- 09 Sep 2022
- 8 min read
For Prelims: Art and Craftmanship in Chola Era, Cholas Sculpture.
For Mains: Chola Dynasty.
Why in News?
The Tamil Nadu Idol Wing CID has initiated steps to retrieve six Chola-era bronze idols, stolen from the Nareeswara Sivan temple, Tamil Nadu back in the 1960s, and currently kept at various museums in the United States.
- The idols were successfully traced to the US recently with the help of the images available with the Indo-French Institute, Pondicherry, which had documented nine bronze sculptures in 1956. Of them, seven were stolen five decades ago.
- The institute had provided images of antique Panchaloha idols of Tripuranthakam, Thirupurasundari, Nataraja, Dakshinamurthy Veenadhara, and Saint Sundarar with his wife Paravai Natchiyaar.
How was the Medieval Chola Dynasty?
- The Cholas (8th-12th century AD) are remembered as one of the longest ruling dynasties in the southern regions of India.
- The reign of the Cholas began in the 9th century when they defeated the Pallavas to come into power. This rule stretched over for over five long centuries until the 13th century.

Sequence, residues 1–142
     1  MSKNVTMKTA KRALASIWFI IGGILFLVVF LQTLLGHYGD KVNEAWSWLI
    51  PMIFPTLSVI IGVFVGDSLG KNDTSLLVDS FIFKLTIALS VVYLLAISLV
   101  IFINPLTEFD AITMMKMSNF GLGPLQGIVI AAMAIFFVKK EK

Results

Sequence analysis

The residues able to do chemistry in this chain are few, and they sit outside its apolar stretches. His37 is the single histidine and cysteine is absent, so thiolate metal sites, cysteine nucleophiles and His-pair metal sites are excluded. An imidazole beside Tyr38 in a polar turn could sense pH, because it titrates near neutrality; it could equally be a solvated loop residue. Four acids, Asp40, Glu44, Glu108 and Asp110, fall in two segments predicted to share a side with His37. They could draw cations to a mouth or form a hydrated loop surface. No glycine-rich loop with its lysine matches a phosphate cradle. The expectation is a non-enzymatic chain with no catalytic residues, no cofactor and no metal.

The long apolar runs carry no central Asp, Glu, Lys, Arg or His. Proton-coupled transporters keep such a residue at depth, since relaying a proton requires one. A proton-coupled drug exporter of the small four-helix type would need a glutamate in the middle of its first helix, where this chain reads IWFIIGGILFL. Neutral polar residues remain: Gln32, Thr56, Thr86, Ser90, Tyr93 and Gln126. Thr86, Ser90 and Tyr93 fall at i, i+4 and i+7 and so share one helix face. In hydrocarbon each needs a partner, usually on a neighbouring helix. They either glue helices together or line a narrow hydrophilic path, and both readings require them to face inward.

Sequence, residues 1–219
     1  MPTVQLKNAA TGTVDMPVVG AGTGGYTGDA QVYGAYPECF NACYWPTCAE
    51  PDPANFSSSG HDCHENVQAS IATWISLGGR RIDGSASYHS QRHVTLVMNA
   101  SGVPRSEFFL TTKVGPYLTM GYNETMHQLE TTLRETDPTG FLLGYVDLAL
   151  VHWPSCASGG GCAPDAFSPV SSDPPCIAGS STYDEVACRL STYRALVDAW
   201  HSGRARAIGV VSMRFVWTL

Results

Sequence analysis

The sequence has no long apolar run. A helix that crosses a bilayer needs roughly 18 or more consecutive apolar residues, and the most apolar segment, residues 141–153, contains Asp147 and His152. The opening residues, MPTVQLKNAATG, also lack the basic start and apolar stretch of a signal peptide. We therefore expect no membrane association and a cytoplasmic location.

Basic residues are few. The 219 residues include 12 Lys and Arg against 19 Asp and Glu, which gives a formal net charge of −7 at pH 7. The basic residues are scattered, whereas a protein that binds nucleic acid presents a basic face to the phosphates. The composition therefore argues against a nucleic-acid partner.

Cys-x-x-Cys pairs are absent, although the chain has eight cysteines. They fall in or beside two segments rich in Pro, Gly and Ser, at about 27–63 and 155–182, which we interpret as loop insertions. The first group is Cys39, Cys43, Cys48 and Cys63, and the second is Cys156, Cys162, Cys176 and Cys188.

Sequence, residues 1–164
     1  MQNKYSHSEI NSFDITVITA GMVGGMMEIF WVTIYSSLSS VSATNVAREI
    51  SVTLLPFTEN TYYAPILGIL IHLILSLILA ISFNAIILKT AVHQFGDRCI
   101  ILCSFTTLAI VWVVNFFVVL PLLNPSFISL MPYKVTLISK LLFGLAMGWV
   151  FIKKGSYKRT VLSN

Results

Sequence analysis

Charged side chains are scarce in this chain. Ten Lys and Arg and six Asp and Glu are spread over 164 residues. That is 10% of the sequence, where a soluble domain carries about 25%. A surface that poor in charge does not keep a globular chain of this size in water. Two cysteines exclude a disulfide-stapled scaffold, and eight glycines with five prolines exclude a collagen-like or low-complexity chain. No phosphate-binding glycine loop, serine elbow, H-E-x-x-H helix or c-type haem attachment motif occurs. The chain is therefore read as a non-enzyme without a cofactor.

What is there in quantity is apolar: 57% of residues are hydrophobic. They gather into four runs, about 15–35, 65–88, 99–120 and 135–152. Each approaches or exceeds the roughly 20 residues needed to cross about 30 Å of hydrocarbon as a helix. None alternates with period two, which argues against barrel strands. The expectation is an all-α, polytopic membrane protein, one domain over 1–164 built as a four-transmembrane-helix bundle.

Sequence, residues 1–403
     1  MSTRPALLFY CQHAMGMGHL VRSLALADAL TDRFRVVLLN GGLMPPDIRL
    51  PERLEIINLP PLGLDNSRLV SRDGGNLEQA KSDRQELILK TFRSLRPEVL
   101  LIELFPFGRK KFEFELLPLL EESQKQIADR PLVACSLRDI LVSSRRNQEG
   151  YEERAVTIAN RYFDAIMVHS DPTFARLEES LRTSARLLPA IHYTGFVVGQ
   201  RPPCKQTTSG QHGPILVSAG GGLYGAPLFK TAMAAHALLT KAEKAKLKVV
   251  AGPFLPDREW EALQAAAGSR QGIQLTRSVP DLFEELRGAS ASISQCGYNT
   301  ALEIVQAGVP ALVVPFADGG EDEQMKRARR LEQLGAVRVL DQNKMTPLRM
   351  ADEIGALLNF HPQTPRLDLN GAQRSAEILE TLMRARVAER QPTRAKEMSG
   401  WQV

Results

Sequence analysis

- The medieval period was the era of absolute power and development for the Cholas. This is when kings like Aditya I and Parantaka I.
- From here Rajaraj Chola and Rajendra Chola further expanded the kingdom into the Tamil region. Later Kulothunga Chola took over Kalinga to establish a strong rule.
- This magnificence lasted until the arrival of the Pandyas in the early 13th century.
- Prominent Monarchs:
- Vijayalaya: The Chola Empire was founded by Vijayalaya. He took over the Tanjore kingdom in the 8th century and led to the rise of the mighty Cholas by defeating the Pallavas.
- Aditya I: Aditya I succeeded Vijayalaya to become the ruler of the empire. He defeated king Aparajita and the empire gained massive power under his reign. He conquered the Pandya Kings along with the Vadumbas and established control over the Pallavas' power in the region.